ALBUM: Between The Buttons
DATE RELEASED: January 13, 1967

Wasn't that beautiful? I'll admit that the only reason that I wanted to include this song was because it happens to be one of my all-time favourite singles from The Rolling Stones, but it also demonstrated just a smidgen of the talent that Jones brought to the band.

But somewhere along the way, Jones began to break away from the band unity and started alienating his bandmates due to some rather poor choices.

The friction started to happen back in the days when Jones acted as the band's business manager. Because of this, Jones would get a higher wage than the rest of the band members. This was the beginning of the resentment between Jones and the rest of the band. But it wasn't until the arrival of Andrew Loog Oldham, who became the manager and producer of the band that Jones really started to drift away from The Rolling Stones.

Oldham came into the band in late 1963, and he was a firm believer in having members of bands write their own songs, because he felt it was financially advantageous. He didn't think that the band's current playlist of blues and jazz standard cover songs would not keep the band fresh. He insisted that the band start writing and composing their own songs, and he specifically wanted to exploit the charisma and stage performance of Jagger as a main focus of the band. As a result, the band steered away from the covers that Jones preferred to play, and started focusing more on original songs written by Mick Jagger and Keith Richards.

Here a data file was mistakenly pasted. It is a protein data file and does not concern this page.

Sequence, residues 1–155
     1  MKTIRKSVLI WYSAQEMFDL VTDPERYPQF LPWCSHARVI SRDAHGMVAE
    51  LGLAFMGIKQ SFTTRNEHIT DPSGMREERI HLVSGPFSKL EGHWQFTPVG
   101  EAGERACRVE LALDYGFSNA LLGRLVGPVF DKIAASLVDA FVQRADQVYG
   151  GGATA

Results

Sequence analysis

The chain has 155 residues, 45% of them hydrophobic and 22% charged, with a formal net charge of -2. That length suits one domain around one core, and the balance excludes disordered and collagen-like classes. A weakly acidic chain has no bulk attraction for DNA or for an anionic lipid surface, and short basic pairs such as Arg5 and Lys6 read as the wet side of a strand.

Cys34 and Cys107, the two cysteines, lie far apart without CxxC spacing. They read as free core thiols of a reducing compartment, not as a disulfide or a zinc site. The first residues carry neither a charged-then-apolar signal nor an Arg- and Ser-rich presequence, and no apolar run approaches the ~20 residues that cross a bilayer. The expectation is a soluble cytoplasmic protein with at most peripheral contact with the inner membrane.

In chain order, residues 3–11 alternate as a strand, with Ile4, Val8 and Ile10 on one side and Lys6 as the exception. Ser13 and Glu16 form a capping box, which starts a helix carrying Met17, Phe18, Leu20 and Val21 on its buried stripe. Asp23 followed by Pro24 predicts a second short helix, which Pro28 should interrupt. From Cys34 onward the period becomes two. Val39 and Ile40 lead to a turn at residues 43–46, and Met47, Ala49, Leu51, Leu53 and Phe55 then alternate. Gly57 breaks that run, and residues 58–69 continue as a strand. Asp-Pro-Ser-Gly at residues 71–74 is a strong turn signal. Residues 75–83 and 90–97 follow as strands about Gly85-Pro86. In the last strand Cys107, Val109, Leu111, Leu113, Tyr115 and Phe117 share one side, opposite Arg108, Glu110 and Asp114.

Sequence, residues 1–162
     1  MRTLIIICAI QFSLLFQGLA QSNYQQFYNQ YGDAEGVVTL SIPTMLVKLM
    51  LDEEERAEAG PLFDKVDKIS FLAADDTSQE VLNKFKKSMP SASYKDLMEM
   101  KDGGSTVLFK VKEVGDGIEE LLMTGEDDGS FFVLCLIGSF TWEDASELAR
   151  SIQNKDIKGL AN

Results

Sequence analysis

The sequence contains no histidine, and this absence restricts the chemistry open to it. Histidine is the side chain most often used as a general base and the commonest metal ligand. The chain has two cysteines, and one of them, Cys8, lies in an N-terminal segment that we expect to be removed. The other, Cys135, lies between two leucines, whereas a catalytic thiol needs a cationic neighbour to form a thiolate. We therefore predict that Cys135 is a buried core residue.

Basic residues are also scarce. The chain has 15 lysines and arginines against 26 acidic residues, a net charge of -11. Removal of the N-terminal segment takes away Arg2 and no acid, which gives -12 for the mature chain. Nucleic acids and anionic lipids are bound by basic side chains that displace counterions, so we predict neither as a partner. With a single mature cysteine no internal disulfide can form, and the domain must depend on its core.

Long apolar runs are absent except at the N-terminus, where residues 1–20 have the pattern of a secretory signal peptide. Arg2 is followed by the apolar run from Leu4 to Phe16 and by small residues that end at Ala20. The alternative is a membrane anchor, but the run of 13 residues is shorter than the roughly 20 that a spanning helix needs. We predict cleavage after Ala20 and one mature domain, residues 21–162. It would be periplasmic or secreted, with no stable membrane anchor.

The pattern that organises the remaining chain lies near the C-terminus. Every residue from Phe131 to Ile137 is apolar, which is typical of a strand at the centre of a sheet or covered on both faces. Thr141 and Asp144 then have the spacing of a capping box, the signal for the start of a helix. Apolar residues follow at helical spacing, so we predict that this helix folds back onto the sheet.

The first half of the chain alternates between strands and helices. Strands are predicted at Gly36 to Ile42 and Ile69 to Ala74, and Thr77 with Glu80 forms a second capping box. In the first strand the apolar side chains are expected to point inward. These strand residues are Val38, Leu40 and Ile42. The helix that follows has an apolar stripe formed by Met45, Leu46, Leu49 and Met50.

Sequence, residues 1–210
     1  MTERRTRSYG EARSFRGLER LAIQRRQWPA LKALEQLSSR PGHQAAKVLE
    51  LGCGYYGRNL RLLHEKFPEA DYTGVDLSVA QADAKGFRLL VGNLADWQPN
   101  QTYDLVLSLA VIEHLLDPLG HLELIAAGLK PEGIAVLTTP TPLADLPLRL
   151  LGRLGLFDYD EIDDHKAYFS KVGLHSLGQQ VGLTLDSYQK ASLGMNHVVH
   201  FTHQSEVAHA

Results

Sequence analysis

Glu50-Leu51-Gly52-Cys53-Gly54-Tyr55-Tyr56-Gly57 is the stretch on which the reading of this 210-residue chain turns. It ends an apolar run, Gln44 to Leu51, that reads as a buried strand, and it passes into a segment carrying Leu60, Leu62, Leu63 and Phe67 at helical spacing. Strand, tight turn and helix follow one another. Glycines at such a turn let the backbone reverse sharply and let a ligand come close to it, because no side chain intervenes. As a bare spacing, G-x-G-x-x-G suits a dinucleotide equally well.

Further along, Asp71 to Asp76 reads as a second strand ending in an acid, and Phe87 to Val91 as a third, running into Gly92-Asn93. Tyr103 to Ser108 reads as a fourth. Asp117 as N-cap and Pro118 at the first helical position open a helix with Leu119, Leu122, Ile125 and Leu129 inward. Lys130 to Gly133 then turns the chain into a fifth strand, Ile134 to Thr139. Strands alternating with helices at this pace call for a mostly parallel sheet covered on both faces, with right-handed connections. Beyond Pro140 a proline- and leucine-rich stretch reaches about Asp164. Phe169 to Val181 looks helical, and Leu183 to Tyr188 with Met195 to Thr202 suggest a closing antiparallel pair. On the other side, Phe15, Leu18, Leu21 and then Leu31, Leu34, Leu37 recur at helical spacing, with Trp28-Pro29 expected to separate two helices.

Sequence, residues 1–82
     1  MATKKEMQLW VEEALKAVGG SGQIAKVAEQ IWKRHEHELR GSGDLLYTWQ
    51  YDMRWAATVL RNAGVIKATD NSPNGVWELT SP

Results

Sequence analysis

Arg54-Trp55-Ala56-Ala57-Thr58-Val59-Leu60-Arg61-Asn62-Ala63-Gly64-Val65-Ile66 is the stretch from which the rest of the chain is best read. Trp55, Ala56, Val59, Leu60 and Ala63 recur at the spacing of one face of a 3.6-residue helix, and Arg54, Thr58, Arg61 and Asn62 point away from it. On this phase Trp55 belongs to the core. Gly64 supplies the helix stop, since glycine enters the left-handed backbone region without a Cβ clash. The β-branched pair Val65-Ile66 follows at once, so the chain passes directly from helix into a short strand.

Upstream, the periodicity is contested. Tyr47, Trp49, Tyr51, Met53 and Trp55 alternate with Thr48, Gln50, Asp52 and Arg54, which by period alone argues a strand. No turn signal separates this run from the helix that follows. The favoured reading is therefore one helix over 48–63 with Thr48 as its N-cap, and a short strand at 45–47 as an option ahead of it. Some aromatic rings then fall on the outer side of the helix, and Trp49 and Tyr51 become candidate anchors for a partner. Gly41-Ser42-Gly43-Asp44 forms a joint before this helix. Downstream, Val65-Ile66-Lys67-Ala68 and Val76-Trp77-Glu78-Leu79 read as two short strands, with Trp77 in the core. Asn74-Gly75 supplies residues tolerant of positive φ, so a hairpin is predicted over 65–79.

All of these changes took a major toll on Brian Jones. Being physically drained from all the touring, the inability to handle the money and fame, and the feelings of depression caused by his contributions to The Rolling Stones being diminished lead to Jones overindulging in drugs and alcohol.

Nothing was off limits for Jones. He drank heavily, and often used such drugs as cannabis and LSD. The drug and alcohol abuse took its toll on Jones, with his physical health deteriorating. Many accounts also state that Jones' mental health was fragile, as he was often prone to frequent angry outbursts and became quite anti-social. Shortly after “Ruby Tuesday” topped the charts, he was arrested for drug possession in May 1967. But after protesters demanded that Jones be freed, Jones was fined, given probation, and ordered to seek counselling.